860C.00/10–2745: Telegram

The Ambassador in Poland (Lane) to the Secretary of State

482. Speech of First Vice President Gomulka39 summary of which is transmitted in my press telegram 468, October 2540 is most significant [Page 394] political development since our arrival here and has widespread implications. The fact that Gomulka accuses Mikolajczyk of being the Trojan horse for reactionary elements at a time when Mikolajczyk is out of the country and is representing Polish Govt as delegate to Food and Agriculture Conference at Quebec42 indicates breach which exists within the Govt itself. It is obviously an attempt to discredit Mikolajczyk nationally and to prepare the way for elimination of Mikolajczyk branch of Polish Peasant Party (it is significant in this connection that during General Eisenhower’s visit Bierut presented Banczyk43 and not Mikolajczyk to Eisenhower as Chief of Polish Peasant Party and that the news film of meeting of September 1st [21st] reported in mytel 197 September 4, 3 p.m.,44 gave sound recording of all speeches made with exception of that of Mikolajczyk. From sources within and outside of Govt we are informed that Gomulka is the most powerful person within the Govt and is the directing force of Govt policy. We are told that he has the closest relations with the Kremlin. Tonesk reports that during Moscow conversations between Polish leaders which led to formation of Provisional Govt of National Unity, Gomulka was reported to have visited Stalin on several occasions without other Poles being present. His speech should therefore be interpreted as reflecting views of Kremlin and indicating intention of latter to liquidate Mikolajczyk politically.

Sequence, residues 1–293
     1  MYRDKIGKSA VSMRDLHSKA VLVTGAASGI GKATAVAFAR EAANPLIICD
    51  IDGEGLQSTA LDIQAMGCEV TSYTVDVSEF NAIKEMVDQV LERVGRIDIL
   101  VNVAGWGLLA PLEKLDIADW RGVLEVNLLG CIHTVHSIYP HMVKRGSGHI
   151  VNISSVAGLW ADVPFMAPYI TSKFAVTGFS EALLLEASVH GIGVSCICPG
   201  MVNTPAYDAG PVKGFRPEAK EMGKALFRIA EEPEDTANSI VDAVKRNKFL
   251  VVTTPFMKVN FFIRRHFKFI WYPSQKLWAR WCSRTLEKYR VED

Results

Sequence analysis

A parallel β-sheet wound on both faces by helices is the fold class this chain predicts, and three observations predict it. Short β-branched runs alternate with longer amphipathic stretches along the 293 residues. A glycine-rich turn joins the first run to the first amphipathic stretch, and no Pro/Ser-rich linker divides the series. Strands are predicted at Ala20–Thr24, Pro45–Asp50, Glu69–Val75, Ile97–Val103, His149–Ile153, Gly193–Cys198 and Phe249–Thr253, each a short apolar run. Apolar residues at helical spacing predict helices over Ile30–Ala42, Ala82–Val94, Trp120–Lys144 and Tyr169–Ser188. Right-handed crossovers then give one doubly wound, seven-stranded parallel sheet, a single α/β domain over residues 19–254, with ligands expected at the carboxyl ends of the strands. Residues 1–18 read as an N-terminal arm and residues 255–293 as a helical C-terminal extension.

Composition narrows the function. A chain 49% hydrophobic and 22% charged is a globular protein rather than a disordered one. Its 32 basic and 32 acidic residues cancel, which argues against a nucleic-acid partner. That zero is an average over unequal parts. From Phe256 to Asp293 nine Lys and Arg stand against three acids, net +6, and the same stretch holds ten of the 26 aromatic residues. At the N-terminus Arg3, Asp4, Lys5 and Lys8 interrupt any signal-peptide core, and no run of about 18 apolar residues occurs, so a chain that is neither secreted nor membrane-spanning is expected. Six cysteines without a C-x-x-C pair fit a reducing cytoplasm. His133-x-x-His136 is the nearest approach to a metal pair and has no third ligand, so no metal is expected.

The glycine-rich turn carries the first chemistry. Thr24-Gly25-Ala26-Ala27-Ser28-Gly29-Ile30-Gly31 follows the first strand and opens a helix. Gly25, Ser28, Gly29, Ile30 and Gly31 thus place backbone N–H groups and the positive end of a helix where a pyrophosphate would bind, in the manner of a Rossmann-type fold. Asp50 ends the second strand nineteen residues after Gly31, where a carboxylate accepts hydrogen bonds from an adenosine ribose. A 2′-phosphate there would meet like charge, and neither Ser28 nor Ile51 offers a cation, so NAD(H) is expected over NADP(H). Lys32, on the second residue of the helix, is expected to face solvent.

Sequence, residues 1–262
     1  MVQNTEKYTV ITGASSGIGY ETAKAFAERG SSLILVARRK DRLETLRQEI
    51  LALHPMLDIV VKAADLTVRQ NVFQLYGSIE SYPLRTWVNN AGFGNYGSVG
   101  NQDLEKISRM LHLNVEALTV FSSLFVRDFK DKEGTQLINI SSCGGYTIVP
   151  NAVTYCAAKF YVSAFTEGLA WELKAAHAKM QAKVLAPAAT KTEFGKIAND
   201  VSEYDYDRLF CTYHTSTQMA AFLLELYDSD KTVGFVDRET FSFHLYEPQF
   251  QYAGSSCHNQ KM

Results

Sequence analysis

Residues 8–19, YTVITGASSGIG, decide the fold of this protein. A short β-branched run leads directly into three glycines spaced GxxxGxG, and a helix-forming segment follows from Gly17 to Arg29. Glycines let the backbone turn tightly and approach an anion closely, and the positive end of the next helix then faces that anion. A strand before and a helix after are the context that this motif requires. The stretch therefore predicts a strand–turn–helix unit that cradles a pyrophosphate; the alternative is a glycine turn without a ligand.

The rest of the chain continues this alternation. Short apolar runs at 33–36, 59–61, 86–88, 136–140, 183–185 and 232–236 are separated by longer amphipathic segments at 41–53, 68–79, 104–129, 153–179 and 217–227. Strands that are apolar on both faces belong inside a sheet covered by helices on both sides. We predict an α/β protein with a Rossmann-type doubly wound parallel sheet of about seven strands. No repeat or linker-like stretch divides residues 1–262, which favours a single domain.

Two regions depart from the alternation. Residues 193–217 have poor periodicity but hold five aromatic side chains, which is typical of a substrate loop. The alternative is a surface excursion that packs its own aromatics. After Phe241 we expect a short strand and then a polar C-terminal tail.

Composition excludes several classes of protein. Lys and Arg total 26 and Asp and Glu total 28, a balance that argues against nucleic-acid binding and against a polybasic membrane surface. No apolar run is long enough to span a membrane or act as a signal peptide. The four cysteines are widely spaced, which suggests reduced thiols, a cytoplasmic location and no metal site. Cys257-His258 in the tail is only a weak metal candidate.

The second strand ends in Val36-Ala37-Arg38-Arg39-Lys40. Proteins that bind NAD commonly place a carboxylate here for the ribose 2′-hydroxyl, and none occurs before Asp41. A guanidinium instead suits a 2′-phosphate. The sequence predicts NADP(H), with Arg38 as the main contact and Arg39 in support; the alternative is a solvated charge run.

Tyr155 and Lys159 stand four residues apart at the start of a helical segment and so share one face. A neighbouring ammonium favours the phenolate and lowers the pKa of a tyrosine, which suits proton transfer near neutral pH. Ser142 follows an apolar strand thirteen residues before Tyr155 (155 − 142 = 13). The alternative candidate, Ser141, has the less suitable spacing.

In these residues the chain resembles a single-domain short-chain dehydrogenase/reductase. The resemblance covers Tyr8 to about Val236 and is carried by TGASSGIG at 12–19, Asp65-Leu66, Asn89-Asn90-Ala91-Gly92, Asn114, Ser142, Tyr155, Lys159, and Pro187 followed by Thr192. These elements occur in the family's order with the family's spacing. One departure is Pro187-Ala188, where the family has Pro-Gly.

Consensus of persons with whom we have spoken here and throughout the country is that if free elections were held now, Govt would not receive more than 10 or 15% of votes. One member of Govt close to controlling Lublin group is reported to have admitted that Govt would be lucky to obtain 1% of total. As it is obvious that Soviet Govt desires present group to remain in power, it will presumably take every feasible step to obtain this end. Many observers of whom I am one are of opinion that there is no present possibility of free elections in Poland as they would not be in the interest of this Soviet controlled regime. Gomulka’s speech and remarks of other politicians indicate purpose of Govt is to submit one list to the electorate composed of members of Govt-controlled Polish Workers Party,45 Polish Socialist [Page 395] Party46 and Rump Peasant Party now headed by Wincenty Barnowski (Banczyk now being reported to have merged with Mikolajczyk). This would be a step towards the political elimination of Mikolajczyk and of others opposing domination by Communist group composed of Bierut, Gomulka, Berman,47 Minc, Modzelewski and Olszewski.48 If such a situation should develop as now appears to be probable, we would be faced with a flagrant and barefaced violation of the Yalta decision which the present Provisional Govt accepted in its entirety. It was on the acceptance of the Yalta Agreement that our recognition was based.

There are other developments directed against the United States and Great Britain which give me apprehension. The propaganda against “the western bloc” and against “Anglo-Saxon conception of democracy” would seem to be for purpose of preparing public for a stand against United States and for justification of policy which Polish Govt may be called upon to assume. Although assignment of Soviet General to each Wojewod has since been publicly denied (mytel 411, October 15, 2 p.m49) personal trips throughout Poland of Embassy officers and newspaper correspondents indicate policy of Soviet authorities to increase rather than decrease their control over internal conditions in Poland despite assurances given by Stalin at Potsdam that he desired to retain only two railroad lines through Poland to permit communication through Soviet Union and Soviet Zone of Occupation in Germany. For instance, port of Stettin is completely under Soviet control as is Wroclaw.